When it’s really cold and wet, we have two options—and we’re not talking about going sailing or staying home. Well, of course we’re going…that’s what our gear is for. For dinghy sailing, our choice is either wetsuit or drysuit. For small keelboats—and even big boats—it’s pretty much all drysuits, unless you’re going with traditional foul-weather gear. While wetsuit development has evolved around materials and linings, there’s a lot happening with drysuits these days. Gill’s new Pursuit wetsuit and Verso drysuit are two good cases in point.
First, the wetsuit. The Pursuit is a variation of what Gill has offered in the past, with a couple of twists. It’s a traditional, full-body wetsuit, with 4mm of neoprene in the torso area and 3mm in the arms and legs. With that, you get great core warmth and about as much flexibility as possible with this level of wetsuit. The chest and back areas include a thermal mesh lining for even more warmth—and it’s soft to the touch. We especially liked the feel of the soft “Glideskin” collar, something you’ll appreciate if you spend more than a few hours on the water. There’s a vertical back zipper with a long pull cord to make this a do-it-yourself unit. Gill wisely put reinforcement on the knees, but there is none on the seat. Not great for sitting on decks with a lot of non-skid, but if you’re using a wetsuit for sailing, chances are you’re wearing sailing shorts over it anyway to make it easier to slide in and out of hiking positions. Other than that, the only feature not granted on our wish list is a fly. Enough said there. In addition to men’s sizes, the Pursuit is available in women’s and junior sizes. $195 for women’s and men’s; $130 for junior’s suit.
The Verso drysuit takes Gill’s drysuit line in a more versatile direction than their traditional models, which are still available. At first glance, the Verso looks like a drysuit with a spray top over it, which in a way it is, although the “top” is an integral and permanent part of the suit. What’s especially cool is how the “spray top” part holds the suit against your torso with Velcro tabs on each side, eliminating the need for internal suspenders, which are prone to slide off your shoulders if not set correctly. Coupled with the rear-entry zipper, this suit minimizes the bulkiness associated with traditional front-zip units. Wrists also have Velcro closures, which also cut down on bulkiness at the wrist. Then, there’s the hood. The first time we tried this, we thought, “Man, this would be perfect for doing foredeck in gnarly conditions. Or hanging out on the weather rail on a long upwind slog. Or standing at the helm when water is coming over the bow. Or . . .” You get the idea—if it’s cold and wet, this suit is in its element.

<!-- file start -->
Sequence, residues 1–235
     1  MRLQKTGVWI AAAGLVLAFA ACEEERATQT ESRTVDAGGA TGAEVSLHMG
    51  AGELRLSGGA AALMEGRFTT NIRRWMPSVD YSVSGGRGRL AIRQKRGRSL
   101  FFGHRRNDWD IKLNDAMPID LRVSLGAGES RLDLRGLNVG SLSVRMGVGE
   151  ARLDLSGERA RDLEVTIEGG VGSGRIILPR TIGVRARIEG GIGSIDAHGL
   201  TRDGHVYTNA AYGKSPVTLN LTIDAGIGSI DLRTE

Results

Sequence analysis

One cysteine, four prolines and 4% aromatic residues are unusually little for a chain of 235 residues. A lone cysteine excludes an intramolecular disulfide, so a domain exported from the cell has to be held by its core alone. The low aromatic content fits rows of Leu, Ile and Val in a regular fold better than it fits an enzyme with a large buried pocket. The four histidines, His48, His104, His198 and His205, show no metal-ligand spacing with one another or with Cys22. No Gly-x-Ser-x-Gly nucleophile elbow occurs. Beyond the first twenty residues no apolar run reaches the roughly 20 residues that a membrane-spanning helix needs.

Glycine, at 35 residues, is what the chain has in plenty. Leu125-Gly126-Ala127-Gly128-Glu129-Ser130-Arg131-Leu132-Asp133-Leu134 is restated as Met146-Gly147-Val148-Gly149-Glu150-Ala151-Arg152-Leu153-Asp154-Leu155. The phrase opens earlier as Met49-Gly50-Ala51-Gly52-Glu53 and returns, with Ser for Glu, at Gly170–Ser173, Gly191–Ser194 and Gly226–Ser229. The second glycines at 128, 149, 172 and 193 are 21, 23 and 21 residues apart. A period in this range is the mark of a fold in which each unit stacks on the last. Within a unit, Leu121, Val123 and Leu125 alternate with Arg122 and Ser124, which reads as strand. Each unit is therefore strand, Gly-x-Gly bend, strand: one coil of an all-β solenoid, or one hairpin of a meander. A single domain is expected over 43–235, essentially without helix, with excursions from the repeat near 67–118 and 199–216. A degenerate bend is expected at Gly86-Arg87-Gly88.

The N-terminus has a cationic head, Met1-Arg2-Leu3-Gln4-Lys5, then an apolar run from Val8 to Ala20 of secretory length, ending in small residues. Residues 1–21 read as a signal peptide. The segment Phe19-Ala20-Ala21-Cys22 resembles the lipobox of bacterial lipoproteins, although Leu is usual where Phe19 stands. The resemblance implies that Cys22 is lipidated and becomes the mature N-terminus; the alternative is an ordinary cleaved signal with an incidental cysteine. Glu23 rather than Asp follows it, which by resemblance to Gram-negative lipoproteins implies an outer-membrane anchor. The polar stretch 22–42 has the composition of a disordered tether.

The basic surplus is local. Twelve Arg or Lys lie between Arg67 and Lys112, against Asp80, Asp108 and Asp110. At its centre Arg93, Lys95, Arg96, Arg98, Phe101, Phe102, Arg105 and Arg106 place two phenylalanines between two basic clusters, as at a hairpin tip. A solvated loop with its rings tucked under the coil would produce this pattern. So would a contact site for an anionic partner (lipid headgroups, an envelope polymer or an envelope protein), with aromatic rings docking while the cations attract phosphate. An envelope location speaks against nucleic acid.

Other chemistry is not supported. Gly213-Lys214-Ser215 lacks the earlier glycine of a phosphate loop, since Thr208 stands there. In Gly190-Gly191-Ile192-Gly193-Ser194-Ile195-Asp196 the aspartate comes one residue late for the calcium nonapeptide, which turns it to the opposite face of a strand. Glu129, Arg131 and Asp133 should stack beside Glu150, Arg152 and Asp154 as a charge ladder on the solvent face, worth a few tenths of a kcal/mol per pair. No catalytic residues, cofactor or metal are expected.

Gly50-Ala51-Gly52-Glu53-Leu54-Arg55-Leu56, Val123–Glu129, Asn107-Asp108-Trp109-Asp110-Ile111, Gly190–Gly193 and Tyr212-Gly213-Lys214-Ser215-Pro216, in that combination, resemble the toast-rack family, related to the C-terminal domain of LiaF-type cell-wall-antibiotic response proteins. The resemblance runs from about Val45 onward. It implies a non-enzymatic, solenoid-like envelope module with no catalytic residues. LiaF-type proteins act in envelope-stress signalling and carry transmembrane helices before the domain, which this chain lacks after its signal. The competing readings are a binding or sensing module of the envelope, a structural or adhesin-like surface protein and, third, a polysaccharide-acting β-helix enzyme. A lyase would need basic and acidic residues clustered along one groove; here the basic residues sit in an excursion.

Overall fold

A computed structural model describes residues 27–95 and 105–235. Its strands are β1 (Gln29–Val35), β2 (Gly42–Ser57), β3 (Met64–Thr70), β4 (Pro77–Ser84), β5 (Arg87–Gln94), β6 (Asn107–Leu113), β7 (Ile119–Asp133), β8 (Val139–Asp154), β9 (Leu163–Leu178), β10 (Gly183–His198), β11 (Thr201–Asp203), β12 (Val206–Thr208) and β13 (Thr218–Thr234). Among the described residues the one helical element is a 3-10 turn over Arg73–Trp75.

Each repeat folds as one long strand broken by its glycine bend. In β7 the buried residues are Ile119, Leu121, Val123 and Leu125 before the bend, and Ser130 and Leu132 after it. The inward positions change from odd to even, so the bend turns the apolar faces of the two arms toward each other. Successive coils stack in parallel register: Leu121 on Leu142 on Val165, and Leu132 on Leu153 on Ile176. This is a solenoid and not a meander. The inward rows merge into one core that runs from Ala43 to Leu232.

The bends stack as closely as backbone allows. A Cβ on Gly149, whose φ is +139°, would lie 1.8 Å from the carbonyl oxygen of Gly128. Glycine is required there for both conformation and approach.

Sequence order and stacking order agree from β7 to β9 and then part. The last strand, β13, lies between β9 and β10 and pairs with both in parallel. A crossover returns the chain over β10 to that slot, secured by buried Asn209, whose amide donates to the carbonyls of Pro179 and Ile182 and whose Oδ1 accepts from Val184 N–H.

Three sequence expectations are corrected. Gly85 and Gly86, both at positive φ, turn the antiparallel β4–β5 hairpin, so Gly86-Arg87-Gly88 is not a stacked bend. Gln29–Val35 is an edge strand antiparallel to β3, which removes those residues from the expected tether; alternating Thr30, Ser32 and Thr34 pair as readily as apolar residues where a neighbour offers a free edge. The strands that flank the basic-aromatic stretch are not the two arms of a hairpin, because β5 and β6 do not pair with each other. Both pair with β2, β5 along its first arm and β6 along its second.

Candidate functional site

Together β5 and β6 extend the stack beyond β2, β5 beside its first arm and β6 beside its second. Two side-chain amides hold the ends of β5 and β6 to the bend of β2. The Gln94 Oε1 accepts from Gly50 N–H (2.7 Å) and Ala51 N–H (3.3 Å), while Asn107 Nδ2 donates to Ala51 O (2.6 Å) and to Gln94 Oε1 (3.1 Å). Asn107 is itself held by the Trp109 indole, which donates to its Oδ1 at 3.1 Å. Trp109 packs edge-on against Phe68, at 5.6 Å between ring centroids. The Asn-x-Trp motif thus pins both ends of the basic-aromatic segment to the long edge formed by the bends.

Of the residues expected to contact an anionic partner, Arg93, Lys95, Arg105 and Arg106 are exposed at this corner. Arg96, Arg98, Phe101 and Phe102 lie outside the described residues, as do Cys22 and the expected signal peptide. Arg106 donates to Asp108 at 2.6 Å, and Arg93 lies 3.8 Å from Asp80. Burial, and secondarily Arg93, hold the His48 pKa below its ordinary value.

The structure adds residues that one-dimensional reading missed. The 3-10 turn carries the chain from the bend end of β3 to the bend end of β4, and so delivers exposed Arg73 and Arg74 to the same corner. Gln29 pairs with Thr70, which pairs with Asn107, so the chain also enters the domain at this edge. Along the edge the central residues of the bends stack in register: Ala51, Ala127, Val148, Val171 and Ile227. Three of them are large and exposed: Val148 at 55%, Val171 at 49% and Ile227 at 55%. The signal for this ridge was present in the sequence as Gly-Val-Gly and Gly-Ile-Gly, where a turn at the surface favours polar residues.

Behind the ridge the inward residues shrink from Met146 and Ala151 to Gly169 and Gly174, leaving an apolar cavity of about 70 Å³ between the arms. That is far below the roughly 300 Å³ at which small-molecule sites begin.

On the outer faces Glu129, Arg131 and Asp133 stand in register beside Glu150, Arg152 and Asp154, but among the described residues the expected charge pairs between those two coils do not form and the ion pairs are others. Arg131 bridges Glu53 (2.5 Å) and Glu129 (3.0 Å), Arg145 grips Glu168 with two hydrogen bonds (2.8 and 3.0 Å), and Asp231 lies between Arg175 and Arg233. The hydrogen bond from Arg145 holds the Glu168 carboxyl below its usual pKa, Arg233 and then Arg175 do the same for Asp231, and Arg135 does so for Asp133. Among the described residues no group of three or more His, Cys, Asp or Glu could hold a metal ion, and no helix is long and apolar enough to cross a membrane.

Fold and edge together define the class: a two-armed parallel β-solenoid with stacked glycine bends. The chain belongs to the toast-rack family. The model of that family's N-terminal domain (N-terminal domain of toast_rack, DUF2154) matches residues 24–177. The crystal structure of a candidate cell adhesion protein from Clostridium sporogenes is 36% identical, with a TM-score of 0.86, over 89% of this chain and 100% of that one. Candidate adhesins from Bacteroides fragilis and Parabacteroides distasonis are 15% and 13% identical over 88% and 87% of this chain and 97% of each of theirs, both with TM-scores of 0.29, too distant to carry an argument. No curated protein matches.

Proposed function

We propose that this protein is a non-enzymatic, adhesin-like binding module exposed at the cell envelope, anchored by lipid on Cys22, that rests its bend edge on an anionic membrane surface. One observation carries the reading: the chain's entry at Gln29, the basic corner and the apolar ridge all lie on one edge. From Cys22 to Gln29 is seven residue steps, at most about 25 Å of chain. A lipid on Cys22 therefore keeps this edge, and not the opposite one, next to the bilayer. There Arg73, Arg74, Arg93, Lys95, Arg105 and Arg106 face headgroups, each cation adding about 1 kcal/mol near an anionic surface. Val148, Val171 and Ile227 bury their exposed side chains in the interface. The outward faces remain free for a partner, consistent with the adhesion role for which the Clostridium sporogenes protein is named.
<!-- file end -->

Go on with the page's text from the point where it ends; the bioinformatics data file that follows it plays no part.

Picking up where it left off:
With cincher cords to hold the hood close to your face and a breathable chin guard that can be zipped into place, you’ll probably stay about as comfortable as is humanly possible. The hood can be rolled up and secured when not used. The jury is still out about how comfortable this would be on the back of your neck long-term, but our guess is most people will simply let the hood fall back when not in use. If you’re using this for dinghy sailing, you’ll probably want the hood rolled, especially if you sail a boat with a low boom. A couple of other features we really liked: an easily accessible pocket on the upper left arm for small items and—wait for it—a relief zip. This alone is probably worth the price of admission. There’s no women’s version with a rear zip, however.
On the technical side, the suit has the requisite neoprene seals at the neck and wrist, all of which can be easily trimmed using Gill’s built-in trim lines as guides if a slightly looser fit is desired. The body of the suit is made of three-layer waterproof, breathable laminate fabric. The integral booties are also made of the same laminate for durability and ease of sliding into footwear. Rear-entry and relief zippers are German-made TIZIP, which do require occasional lubrication. Available in gray or a special edition “blue jay” blue. $850.